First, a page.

Occurrence and fate of selected anticancer, antimicrobial, and psychotropic pharmaceuticals in an urban river in a subcatchment of the Yodo River basin, Japan.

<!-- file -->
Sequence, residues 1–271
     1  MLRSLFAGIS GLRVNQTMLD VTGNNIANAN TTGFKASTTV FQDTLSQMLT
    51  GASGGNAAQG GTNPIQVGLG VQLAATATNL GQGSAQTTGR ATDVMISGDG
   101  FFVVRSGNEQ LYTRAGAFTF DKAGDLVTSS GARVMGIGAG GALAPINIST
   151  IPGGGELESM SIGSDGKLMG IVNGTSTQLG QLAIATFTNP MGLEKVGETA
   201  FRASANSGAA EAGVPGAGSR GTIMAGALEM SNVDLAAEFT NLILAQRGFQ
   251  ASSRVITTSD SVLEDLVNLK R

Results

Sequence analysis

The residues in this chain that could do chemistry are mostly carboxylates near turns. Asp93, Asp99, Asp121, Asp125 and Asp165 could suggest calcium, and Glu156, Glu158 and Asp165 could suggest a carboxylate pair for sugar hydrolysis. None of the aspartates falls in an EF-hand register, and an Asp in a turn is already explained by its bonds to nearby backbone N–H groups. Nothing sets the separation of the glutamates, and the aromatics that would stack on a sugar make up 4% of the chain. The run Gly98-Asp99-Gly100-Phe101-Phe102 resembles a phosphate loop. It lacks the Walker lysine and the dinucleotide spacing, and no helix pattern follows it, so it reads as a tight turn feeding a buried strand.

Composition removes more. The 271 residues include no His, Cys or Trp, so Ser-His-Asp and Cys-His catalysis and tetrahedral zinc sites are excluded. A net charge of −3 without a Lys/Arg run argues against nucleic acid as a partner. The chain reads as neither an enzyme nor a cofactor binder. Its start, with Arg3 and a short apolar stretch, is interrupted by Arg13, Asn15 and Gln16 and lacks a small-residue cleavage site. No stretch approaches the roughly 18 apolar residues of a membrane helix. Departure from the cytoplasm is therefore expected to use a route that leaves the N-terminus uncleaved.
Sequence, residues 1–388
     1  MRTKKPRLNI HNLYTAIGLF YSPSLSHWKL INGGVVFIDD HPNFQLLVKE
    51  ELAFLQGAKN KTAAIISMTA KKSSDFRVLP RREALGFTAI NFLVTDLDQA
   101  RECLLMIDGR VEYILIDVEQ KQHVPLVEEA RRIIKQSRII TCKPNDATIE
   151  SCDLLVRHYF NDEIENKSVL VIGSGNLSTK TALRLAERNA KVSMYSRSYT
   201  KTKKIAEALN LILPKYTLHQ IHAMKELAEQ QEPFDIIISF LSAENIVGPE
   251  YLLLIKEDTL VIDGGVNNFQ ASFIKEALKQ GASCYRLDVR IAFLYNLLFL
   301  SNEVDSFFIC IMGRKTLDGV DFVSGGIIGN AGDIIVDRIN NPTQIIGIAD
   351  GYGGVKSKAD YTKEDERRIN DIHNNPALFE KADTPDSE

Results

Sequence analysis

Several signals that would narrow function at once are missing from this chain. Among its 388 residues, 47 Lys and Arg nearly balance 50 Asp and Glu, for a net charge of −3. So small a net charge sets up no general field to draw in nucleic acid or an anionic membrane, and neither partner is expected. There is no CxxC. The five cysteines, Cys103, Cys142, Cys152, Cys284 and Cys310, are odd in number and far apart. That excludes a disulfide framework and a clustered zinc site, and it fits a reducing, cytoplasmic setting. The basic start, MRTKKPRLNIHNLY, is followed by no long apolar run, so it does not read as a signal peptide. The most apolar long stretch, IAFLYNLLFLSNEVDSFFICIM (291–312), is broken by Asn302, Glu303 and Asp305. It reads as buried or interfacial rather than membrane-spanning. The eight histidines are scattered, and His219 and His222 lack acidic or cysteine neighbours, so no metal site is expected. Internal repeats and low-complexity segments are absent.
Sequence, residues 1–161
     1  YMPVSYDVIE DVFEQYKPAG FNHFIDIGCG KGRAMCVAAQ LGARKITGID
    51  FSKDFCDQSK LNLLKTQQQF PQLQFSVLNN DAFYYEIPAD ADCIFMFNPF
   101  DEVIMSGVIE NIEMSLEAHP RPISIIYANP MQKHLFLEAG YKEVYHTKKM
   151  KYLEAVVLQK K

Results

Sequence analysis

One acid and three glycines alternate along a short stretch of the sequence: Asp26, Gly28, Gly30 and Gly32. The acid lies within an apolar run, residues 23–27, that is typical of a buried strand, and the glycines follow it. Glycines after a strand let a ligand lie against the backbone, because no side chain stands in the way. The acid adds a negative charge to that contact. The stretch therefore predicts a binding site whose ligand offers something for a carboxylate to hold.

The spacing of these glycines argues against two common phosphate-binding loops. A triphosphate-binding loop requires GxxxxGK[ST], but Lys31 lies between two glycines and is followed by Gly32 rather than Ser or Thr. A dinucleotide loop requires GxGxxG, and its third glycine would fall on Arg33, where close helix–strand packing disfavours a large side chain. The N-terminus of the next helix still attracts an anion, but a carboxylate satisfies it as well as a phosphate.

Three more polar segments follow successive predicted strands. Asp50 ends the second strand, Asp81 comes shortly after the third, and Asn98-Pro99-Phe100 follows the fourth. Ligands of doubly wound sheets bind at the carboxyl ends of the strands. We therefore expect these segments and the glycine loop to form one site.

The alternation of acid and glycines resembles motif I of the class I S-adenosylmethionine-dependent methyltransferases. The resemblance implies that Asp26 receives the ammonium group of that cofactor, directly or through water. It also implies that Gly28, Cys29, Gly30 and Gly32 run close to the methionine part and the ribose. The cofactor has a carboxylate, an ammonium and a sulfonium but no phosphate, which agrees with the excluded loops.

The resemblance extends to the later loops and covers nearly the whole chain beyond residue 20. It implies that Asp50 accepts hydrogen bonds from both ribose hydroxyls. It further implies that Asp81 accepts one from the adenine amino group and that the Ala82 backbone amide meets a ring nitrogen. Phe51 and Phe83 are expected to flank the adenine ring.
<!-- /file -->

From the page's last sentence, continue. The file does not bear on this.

A multi-residue method for the simultaneous determination of more than 90 pharmaceuticals in water samples was developed and validated. The developed method utilizes a single liquid chromatography-tandem mass spectrometry (LC-MS/MS) run after sample enrichment using solid-phase extraction (SPE). The pharmaceuticals included in this method were chosen based on their potency (effect/concentration ratio) and potential to bioaccumulate in fish. Because the selection was based on ecotoxicological criteria and not on ease of detection, the pharmaceuticals have a wide range of physico-chemical properties and represent 27 distinct classes. No method for surface, waste water or similar matrices was previously described for 52 of the 100 target analytes. Four chromatographic columns were tested to optimize the separation prior to detection by mass spectrometry (MS). The resulting method utilizes a Hypersil Gold aQ column. Three different water matrices were tested during method validation: Milli-Q water, surface water (river water from the Umea River) and effluent from the Umea waste water treatment plant (WWTP). Four of the selected pharmaceuticals exhibited poor method efficiency in all matrices. Amiodarone, Dihydroergotamine, Perphenazine and Terbutalin were omitted from the final analytical method. In addition, five compounds were excluded from the method for surface water (Atorvastatin, Chloropromazin, Dipyridamol, Furosemid and Ranitidin) and three other pharmaceuticals (Glibenclamid, Glimepirid and Meclozine) from waste water method respectively. Absolute recoveries were above 70% for Milli-Q water, surface water, and sewage effluent for most pharmaceuticals. The limits of quantification (LOQs) ranged from 0.05 to 50 ng L(-1) (median 5 ng L(-1)). The use of matrix-matched standards led to the elimination of ionization enhancement or suppression. The recoveries of the method for real matrices were in the range of 23-134% for surface water (only three compounds were outside of the range of 40-130%) and in the range of 47-162% for waste water (five compounds were outside of the range of 40-130% at lower validated concentration).